While the ALJ adequately addressed Plaintiff's GAF scores, she failed to sufficiently explain how Plaintiff's modest response to treatment undermines Dr. Eler's opinions. See, e.g., Scott v. Astrue, 647 F.3d 734, 739-40 (7th Cir. 2011) (“There can be a great distance between a patient who responds to treatment and one who is able to enter the workforce.”); Bauer v. Astrue, 532 F.3d 606, 609 (7th Cir. 2008) (noting that “[a] person who has a chronic disease, whether physical or psychiatric, and is under continuous treatment for it with heavy drugs, is likely to have better days and worse days”). In March 2014, Dr. Eler found Plaintiff markedly limited in the ability to, among other things, (1) remember locations and work like procedures; (2) understand and remember detailed instructions; (3) maintain attention and concentration for extended periods; and (4) work with co-workers or peers without distracting them or exhibiting behavioral extremes. (R. 1201-03.) Dr. Eler's findings in February of 2015 again confirmed these various limitations in addition to others. (R. 3406.) Although the ALJ discounted these opinions in part because Plaintiff was “generally progressing/improving, ” she failed to point to specific evidence of this improvement that adequately undermines the assessment of a treating physician. (R. 2550.) In addition, the ALJ's reliance on Plaintiff's activities of daily living, including her ability to “drive, take numerous medications, [and] follow up with treatment, ” overlooked the critical differences between activities of daily living and activities in a full-time job. (R. 2550.) See, e.g., Scrogham v. Calvin, 765 F.3d 685, 700 (7th Cir. 2014) (claimant rarely driving, mowing the lawn, and performing yardwork was not evidence that he could participate in gainful activity). The ALJ needed to include a more fulsome discussion of how Plaintiff's sporadic activities of daily living contradicted the findings of her treating physician regarding Plaintiff's ability to function in a work environment. See, e.g., Scott v. Astrue, 647 F.3d 734, 739 (7th Cir. 2011) (“An ALJ must offer good reasons for discounting the opinion of a treating physician.”). Critically, the ALJ also failed to assess Dr. Eler's opinion using the required regulatory factors. See 20 C.F.R. § 404.1427(c) (stating that an ALJ “will evaluate every medical opinion” by considering the nature, extent, and length of the treatment relationship, the frequency of examination, the physician's specialty, and the consistency and supportability of the opinion). Before discounting the opinion of a psychiatrist who treated Plaintiff on a regular basis for years and whose treatment focused on Plaintiff's disabling impairments, the ALJ had an obligation to assess these regulatory factors.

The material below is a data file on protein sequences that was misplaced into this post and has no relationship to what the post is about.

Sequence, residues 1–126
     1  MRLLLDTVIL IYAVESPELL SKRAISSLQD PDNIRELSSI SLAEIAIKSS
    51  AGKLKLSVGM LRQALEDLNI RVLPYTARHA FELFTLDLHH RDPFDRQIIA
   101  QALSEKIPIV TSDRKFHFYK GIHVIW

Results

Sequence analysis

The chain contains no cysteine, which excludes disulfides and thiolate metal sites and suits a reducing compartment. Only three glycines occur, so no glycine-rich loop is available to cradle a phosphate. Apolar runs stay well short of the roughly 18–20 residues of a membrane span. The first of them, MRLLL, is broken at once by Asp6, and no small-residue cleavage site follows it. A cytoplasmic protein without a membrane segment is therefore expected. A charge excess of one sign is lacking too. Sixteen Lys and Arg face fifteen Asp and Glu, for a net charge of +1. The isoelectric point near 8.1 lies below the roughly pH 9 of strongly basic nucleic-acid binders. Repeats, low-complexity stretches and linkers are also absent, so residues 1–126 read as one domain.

Plaintiff next argues that the ALJ found the March 2014 opinion of her treating internist, Dr. Forys, was “not fully supported” without adequate explanation, and failed to address Dr. Forys' December 2017 statement entirely. (R. 2548, 2552.) The Court agrees that the ALJ did not sufficiently discuss why she found Dr. Forys' conclusions regarding Plaintiff's restrictions not fully supported. The ALJ failed to identify inconsistent evidence to challenge Dr. Forys' March 2014 findings, which were generated during the heart of the disputed disability period (May 23, 2013 through March 13, 2015). Instead, the ALJ provided a sweeping criticism of the opinions of Dr. Forys and Dr. Birn-Forys without much more: “These doctors apparently relied quite heavily on the subjective report of symptoms and limitations provided by the claimant, and seemed to uncritically accept as true most, if not all, of what the claimant reported.” (R. 2545.) Dr. Forys' March 2014 treatment notes indicate, however, that clinical findings supported his conclusions and corroborated Plaintiff's complaints of severe knee pain. Among other diagnostic findings, he cited cracking and popping in the knees, a positive x-ray for joint space narrowing, and a positive straight leg raise test. (R. 1189.) If an ALJ declines to give controlling weight to the opinion of a treating physician, a sound explanation must be given for that decision.” Punzio v. Astrue, 630 F.3d 704, 710 (7th Cir. 2011). Such an explanation is lacking here. Moreover, the ALJ did not assess Dr. Forys' opinion using the required regulatory factors. See 20 C.F.R. § 404.1427(c). As Dr. Forys regularly treated Plaintiff (once a month or so) for several years and the nature of the treatment focused on Plaintiff's disabling physical impairments, the ALJ needed to provide a more thorough explanation for why Dr. Forys' opinion was not given more than “limited weight.” (R. 2548.) The Court also agrees that the ...